Urban Decay: The New Flâneurs suggests a modern world in ruins
The flâneur is the quintessential figure of urban modernity. Coined by Charles Baudelaire, romanticized by Walter Benjamin and reinvestigated by Rebecca Solnit, the flâneur, or flâneurie, is at its root the embodiment of physically moving through modernity.
Almost always understood as male, privileged enough to idle his days away walking and meandering aimlessly and restlessly down urban corridors, the flâneur feeds off the pulse of the city and its crowds of anonymous passers-by. Beginning as a figure in the post-Haussmannisation of Paris' urban centre, the flâneur moves through his city streets with little to no end purpose, but simply meandering to the nuisances and rhythms of modernity.
Doubling the notion of flâneurie with the Victorian aesthetic of the Picturesque, which is an aesthetic often experienced during walking that encapsulates a fragment of civilization in ruins (or inversely, of nature overpowering the urban), the The New Flâneurs exhibit at the Art Gallery of Alberta ambitiously attempts to bridge these 19th century notions with more recent practices such as Situationist psychogeography, parkour and contemporary art works culled from its own collection.
Though there are evident ties between flâneurie and parkour as they share similarities in being of Parisian origins, being a mostly male activity and sharing mutual inclinations to subvert urban landscapes with no economic agenda, the element of the Picturesque fits awkwardly with the rest of the show.
Photography is the prominent medium of choice, as Hubert Hohn's deserted black and white suburbia are shown facing Edward Burtynsky's consistently sublime devastations of human advancements. Equally, George Webber's portraits of deserted sweat lodges evocate the decay of the sublime. Together, they spell out the doom of the 20th century. Depressing as it sounds, the new flâneurs appear to be more excavators than field researchers of a desolate and static modern world.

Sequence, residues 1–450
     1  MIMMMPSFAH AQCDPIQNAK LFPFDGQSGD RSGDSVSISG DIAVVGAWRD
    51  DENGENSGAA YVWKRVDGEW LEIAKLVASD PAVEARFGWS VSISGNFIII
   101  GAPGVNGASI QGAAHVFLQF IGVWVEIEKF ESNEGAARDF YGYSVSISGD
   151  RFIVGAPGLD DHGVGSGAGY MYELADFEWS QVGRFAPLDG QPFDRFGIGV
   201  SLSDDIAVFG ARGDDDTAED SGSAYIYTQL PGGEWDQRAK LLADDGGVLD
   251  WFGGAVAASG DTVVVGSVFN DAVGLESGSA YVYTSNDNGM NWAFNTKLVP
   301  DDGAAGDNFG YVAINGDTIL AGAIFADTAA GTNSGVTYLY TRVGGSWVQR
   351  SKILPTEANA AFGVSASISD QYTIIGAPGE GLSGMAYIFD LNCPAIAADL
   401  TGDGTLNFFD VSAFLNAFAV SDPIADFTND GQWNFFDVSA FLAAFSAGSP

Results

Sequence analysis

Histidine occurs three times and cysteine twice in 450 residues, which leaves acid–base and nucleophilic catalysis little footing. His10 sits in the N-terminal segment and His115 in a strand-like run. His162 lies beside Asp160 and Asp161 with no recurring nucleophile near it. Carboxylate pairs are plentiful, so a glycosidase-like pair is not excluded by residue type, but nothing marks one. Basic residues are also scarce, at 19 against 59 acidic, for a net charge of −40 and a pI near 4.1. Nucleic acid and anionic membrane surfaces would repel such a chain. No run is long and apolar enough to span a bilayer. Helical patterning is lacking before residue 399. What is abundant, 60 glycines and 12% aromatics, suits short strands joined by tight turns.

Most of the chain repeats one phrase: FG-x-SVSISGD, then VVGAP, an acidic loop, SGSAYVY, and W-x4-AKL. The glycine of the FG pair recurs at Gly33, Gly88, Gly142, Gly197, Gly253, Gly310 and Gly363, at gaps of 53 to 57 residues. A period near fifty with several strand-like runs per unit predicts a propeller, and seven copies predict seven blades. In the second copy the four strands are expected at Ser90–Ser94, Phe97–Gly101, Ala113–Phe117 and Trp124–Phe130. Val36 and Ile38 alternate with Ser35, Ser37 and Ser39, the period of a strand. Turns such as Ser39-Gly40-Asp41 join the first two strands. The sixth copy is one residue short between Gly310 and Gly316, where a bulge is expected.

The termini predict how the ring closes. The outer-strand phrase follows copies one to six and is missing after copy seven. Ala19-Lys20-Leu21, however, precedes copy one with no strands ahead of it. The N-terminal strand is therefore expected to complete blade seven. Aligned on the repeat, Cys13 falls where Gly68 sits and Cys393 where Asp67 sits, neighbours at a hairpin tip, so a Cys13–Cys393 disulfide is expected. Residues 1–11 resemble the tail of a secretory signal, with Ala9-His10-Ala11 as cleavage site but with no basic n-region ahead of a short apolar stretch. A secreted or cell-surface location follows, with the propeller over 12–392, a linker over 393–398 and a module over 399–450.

Proposing a common thread tying all of these ideas together, that thread is in fact a movement-based approach to how one experiences the world. Only restricted to the gallery save for a few outdoor programming initiatives and film screenings, there is a major void of actual movement within the show.
Image credit: Don Gill and Sarah Williams' "Erratic Spaces" 2009
Movement is suggested amongst the handful of frozen pedestrians in Mark Arneson's dated Edmonton photographs, but it's really only media artist Don Gill's photography slideshow and video collaboration with dancer Sarah Williams that evokes movement as a keystone. As a formal exercise, "Erratic Spaces" documents a series of Williams' non-choreographed movements in relation to urban spaces and shapes, but beyond showing the athleticism of Williams as she responds to urban sites, the body-explorations she explores do not translate onto video—which differs in execution to the physical traces left by parkour and the revelation of shared and concealed histories discovered through psychogeography.
The biggest issue in viewing this show was, ironically, the inability to navigate the viewing space. Erecting a multi-panelled installation that doubles as extra wall space, the viewer is immediately forced around a lot of awkward corners—which although suggesting viewers can trace their own paths around and along these temporary blank structures, in reality, just creates physical barriers.
*First published in Vue Weekly